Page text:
Lenguado a la Meuniére / Sole
A conversation that came about as a result of my broken Spanish.
Question I intended to ask: you mostly eat fish. Is fish much more expensive than meat? In the UK it’s notably more expensive.
Question I actually asked: what is the most expensive fish?
“No sé.” Was their first response. Then a gap. Then they told me about sole. In Catalunya it has for the last thirty years or so been relatively popular among mothers as it is generally one of the more well-liked fish for children. Demand is high, so the price is high. In other parts of the country, the fashion for sole hasn’t caught on so much so it is cheaper.
The popularity in Catalunya may be somewhat explained in the influence that France has had over the region. The typical way of cooking the sole is a la meuniére, very similar to sole with beurre blanc.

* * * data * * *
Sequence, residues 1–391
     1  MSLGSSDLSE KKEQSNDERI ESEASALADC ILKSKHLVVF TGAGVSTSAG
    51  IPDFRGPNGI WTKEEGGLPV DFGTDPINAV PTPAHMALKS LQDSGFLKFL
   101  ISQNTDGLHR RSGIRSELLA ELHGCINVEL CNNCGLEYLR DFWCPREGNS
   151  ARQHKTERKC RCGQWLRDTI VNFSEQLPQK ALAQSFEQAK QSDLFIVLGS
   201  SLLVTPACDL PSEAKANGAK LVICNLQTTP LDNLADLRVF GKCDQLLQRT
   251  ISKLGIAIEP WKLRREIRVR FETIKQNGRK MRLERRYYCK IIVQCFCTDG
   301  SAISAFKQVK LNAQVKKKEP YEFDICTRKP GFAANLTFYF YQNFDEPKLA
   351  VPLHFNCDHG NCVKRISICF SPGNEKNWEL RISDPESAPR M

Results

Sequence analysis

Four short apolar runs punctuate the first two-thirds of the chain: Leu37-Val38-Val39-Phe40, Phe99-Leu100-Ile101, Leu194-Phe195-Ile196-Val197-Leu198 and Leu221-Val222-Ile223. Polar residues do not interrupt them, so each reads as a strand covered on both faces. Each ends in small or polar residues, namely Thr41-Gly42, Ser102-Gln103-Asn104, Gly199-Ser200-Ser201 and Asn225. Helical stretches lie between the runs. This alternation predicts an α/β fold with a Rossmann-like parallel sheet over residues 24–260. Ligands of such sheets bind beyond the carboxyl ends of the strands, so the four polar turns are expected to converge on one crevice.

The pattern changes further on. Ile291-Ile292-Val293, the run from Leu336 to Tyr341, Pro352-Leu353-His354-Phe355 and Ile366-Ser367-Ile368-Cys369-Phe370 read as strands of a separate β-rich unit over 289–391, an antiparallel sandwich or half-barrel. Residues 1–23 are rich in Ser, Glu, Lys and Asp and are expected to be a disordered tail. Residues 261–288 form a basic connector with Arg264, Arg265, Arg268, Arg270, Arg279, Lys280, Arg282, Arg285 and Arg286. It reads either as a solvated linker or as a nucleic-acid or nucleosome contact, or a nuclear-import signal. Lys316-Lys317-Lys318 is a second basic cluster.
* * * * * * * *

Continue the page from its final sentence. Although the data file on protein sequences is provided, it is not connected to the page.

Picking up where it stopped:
Percebes / Barnacles
Blistering Barnacles! A phrase I finally understand the meaning of.
The father bit a barnacle and sucked it out its shell.
The mother snapped the barnacle and got covered in its juice.
I laughed. Then did the same.
The father told us to bite. I bit. She didn’t. I got covered in the juice of her barnacle. Extra laundry for me that day.
More appetising to the palate than to the eye, though a taste of the sea for both for where else on earth would something that looks as such come from.
The children weren’t keen. For children to like something you have to get at least two of the following: taste, texture, look, frequency.
A special treat for the grownups during the fin de semana will give the children nightmares.
And, as an extra treat for you and for me:
Thai Seafood Extravaganza